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Prime Minister Stephen Harper greets heavy duty mechanical trade students before an announcement about the apprentice loan program at the British Columbia Institute of Technology Annacis Island Campus in Delta, B.C., on Thursday January 8, 2015.DARRYL DYCK/The Canadian Press

Federal government programs to fill the shortage of skilled workers in Canada won't have much impact unless employers get on board and start training more young people, the Prime Minister warns.

Stephen Harper appeared at a British Columbia Institute of Technology (BCIT) campus on Thursday to tell trades students that the Canada Apprentice Loan is now "open for business," providing apprentices in designated "red seal" trades with access to interest-free loans similar to the ones already available to college and university students. Red-seal trades include bakers, electricians and machinists, among others.

It was the latest in a host of measures offered by the federal government, ahead of an election this year, aimed at getting more young people working in the trades. The Conference Board of Canada predicts the country will need one million additional skilled workers by 2020.

But the Prime Minister also had a message for employers in the trades: start hiring more apprentices.

"While our government is making investments in apprenticeships today to build the skilled work force for tomorrow, it is ultimately up to businesses to bring on board a greater number of apprentices," he said.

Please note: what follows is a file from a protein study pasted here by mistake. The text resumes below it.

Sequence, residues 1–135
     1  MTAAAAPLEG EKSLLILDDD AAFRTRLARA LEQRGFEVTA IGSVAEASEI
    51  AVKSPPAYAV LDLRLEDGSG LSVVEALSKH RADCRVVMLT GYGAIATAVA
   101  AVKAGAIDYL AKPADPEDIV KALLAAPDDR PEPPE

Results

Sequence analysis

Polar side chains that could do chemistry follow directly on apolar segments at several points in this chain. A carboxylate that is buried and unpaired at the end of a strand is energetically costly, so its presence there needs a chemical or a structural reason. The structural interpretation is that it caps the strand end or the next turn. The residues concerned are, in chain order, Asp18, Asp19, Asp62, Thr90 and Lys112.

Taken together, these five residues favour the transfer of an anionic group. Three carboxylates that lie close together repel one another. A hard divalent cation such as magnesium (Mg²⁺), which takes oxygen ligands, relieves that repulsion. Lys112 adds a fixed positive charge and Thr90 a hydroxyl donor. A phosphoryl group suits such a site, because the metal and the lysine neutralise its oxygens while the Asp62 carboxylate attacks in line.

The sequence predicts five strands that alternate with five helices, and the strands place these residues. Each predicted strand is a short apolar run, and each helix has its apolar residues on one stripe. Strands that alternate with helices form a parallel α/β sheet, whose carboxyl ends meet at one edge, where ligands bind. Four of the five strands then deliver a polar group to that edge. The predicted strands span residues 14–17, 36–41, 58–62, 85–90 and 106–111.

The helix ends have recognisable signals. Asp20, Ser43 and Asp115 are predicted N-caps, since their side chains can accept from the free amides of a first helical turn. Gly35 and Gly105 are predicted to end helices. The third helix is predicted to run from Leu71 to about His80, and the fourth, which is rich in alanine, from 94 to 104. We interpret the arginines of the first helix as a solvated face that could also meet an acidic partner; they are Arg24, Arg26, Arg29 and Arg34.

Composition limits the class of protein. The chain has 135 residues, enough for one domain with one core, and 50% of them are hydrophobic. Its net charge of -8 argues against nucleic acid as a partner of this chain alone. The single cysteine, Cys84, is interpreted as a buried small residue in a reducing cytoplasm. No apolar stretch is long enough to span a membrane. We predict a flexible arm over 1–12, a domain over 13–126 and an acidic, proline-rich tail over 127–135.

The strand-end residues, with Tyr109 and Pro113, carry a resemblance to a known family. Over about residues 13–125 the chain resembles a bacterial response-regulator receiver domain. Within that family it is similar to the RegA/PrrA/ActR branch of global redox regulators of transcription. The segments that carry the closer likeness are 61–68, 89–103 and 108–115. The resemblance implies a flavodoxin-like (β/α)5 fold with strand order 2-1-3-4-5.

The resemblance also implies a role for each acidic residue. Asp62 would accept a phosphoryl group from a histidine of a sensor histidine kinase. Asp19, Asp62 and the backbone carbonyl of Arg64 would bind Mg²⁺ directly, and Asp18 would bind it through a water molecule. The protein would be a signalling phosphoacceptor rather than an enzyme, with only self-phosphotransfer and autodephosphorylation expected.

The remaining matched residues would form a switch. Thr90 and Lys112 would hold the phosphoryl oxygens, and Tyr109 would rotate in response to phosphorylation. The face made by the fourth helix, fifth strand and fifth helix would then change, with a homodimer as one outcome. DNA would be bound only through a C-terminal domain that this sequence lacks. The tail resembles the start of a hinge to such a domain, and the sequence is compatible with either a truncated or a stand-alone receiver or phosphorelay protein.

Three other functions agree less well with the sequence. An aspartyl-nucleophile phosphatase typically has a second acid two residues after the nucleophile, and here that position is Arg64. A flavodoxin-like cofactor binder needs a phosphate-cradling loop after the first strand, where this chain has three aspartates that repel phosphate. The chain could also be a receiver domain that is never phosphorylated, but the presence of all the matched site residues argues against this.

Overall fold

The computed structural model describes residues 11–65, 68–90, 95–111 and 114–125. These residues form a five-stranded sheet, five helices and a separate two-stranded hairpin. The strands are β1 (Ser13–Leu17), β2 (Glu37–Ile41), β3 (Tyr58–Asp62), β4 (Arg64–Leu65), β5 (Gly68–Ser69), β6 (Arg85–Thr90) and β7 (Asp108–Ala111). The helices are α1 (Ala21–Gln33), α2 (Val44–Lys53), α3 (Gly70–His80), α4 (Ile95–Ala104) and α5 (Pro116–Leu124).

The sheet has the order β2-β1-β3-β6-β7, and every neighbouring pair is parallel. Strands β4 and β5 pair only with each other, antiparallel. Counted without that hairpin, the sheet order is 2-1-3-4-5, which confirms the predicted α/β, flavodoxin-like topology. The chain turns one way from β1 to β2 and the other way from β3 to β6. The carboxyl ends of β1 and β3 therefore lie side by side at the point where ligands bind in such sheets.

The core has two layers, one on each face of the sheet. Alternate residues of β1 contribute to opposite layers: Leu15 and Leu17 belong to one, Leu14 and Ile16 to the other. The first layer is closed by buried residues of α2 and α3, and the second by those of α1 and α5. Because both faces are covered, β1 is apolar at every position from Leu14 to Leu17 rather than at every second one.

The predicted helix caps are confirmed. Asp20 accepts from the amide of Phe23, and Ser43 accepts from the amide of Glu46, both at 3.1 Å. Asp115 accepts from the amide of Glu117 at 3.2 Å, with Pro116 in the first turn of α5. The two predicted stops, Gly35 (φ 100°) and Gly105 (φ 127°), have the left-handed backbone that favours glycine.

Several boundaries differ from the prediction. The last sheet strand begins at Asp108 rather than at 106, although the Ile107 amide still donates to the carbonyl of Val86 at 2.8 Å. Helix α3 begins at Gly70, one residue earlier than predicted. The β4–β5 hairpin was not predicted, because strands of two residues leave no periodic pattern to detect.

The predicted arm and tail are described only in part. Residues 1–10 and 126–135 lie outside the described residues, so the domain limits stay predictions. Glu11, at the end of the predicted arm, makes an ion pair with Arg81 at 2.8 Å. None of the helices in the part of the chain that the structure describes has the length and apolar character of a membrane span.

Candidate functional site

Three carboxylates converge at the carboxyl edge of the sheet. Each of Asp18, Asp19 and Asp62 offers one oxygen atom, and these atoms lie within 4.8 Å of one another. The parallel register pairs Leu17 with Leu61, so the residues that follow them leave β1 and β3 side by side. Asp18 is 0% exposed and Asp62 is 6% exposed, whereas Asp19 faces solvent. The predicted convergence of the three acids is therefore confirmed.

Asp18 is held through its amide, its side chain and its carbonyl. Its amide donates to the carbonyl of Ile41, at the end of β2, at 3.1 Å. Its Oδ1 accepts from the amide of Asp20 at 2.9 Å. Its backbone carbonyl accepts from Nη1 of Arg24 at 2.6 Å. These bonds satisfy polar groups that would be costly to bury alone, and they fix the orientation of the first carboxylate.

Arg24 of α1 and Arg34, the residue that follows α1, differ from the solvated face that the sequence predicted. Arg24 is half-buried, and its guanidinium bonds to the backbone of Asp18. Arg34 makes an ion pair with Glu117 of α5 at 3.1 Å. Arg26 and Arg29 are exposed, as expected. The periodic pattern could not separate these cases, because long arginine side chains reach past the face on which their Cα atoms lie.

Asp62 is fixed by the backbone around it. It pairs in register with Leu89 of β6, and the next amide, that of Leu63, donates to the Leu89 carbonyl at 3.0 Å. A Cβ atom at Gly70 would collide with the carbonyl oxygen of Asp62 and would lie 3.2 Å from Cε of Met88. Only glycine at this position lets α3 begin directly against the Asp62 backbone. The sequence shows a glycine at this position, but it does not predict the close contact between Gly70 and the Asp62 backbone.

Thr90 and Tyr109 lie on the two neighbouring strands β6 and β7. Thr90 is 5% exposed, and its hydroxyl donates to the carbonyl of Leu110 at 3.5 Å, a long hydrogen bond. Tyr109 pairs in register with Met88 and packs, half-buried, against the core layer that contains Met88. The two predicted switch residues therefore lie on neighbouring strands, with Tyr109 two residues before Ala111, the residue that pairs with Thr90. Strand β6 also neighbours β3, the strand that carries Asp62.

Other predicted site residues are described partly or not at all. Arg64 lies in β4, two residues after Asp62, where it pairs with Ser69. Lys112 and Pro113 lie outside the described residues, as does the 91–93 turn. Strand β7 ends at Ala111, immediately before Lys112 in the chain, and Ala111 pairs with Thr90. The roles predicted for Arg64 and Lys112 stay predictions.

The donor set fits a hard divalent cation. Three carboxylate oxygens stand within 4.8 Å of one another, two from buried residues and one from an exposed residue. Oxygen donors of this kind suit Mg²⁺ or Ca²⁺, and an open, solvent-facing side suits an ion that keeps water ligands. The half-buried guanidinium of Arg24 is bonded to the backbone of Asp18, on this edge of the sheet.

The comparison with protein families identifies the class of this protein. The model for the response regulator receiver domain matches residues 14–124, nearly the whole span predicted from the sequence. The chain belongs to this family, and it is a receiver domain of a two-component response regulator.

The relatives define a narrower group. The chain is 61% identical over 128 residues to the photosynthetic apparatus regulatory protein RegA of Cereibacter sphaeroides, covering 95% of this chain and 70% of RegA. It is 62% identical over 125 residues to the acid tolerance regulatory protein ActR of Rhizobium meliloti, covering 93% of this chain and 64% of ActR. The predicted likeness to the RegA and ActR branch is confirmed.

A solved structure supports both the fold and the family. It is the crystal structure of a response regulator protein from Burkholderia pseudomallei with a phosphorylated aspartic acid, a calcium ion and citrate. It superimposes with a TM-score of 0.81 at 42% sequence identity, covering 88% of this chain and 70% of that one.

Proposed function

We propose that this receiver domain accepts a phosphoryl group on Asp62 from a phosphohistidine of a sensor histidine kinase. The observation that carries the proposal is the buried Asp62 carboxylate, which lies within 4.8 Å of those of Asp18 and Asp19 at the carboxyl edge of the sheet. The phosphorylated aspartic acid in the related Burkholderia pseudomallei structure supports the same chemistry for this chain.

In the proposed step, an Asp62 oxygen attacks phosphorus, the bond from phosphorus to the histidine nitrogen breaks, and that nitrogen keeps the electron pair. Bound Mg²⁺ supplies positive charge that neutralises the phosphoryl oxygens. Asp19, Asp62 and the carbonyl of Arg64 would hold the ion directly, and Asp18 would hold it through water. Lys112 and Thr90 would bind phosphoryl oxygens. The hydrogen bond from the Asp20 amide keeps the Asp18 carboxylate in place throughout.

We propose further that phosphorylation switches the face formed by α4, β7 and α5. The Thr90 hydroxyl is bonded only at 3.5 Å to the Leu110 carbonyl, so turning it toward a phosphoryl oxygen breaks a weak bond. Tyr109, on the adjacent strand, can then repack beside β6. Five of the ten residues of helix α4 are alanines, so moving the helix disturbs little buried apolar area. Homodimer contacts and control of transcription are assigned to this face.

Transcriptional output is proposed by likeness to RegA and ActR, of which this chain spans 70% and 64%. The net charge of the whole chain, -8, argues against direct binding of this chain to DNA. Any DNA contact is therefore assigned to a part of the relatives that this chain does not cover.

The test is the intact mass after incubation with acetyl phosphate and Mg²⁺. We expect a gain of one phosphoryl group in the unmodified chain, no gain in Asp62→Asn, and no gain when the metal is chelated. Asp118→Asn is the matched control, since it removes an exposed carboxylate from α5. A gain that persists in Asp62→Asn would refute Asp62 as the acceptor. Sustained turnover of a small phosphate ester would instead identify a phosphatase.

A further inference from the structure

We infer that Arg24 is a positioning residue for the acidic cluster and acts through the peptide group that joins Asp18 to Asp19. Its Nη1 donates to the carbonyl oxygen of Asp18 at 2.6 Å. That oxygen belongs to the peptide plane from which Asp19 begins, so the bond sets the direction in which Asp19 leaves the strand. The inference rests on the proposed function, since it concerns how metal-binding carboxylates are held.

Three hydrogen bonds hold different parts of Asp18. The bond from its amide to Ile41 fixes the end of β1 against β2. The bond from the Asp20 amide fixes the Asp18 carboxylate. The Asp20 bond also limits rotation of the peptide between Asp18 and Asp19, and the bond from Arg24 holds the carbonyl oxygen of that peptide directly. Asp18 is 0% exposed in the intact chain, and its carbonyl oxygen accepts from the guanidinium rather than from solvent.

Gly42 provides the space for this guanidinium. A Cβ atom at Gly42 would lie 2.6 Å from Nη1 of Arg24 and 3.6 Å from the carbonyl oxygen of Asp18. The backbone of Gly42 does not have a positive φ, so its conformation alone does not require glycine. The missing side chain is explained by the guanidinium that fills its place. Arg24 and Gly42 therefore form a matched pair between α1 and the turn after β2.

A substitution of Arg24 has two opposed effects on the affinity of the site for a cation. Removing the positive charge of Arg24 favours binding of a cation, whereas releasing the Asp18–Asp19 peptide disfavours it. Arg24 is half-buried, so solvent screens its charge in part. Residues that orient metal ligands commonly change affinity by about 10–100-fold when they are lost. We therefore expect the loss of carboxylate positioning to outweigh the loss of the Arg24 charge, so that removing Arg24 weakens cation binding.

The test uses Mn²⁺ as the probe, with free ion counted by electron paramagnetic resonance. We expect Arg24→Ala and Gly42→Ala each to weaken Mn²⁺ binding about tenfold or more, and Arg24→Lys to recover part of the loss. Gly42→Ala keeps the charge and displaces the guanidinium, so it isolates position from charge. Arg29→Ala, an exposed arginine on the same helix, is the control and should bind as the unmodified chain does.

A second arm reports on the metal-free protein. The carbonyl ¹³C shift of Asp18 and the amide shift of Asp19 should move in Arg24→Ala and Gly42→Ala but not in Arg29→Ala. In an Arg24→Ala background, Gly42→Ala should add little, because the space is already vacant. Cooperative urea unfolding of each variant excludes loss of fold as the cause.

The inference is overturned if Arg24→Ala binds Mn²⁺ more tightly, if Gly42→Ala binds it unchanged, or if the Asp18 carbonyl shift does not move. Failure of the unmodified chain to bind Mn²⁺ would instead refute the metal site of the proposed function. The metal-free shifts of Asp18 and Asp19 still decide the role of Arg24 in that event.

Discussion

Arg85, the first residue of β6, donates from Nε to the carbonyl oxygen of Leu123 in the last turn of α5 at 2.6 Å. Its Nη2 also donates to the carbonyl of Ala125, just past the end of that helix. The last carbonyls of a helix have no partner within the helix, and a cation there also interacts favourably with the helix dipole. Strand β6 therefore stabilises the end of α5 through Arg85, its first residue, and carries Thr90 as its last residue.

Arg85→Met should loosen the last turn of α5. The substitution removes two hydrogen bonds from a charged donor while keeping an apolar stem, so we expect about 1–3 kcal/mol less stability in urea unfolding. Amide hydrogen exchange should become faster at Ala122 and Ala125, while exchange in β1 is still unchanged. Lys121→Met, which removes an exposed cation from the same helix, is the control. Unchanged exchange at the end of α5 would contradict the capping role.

To pursue apprenticeships, students must first be hired by a company that agrees to support and mentor them through the process, as well as allow them to leave periodically to attend trade school.

Sarah Watts-Rynard, the executive director at the Canadian Apprenticeship Forum, said it often takes up to six months for potential apprentices to find a job, during which time many of them will change their mind and find another career path that is easier to access.

"We absolutely need employers to make that commitment and say they want to be part of creating the work force that they need," she said. "We've been encouraging youth for years to go into the skilled trades. Now we've engaged them and gotten them interested and what do they need now? They need jobs."

In B.C., only 17 per cent of eligible employers actually employ and indenture apprentices, according to Steve Perry, an associate dean at BCIT.

He said, though, that the number is starting to go up, with more employers coming forward.

"It's quite encouraging to see some very large employers coming in directly to meet with our students when they are here," he said.

Guy Avidan-Shavit employs heavy-duty mechanics at his machine shops in Delta and Prince George and points out the difficulty in maintaining the bottom line while trying to provide an apprentice with the necessary training and leadership.

He suggested tax breaks for employing apprentices to help to make up for some of the lost income.

Still, he says he is continually taking on apprentices because he knows many skilled mechanics across the province will be retiring in the coming years.

"It really is going to be a disaster," he says. "I've seen the level of some of the mechanics who will take their place, and it's ridiculous. I would like the knowledge of my mechanics to be passed along and to grow."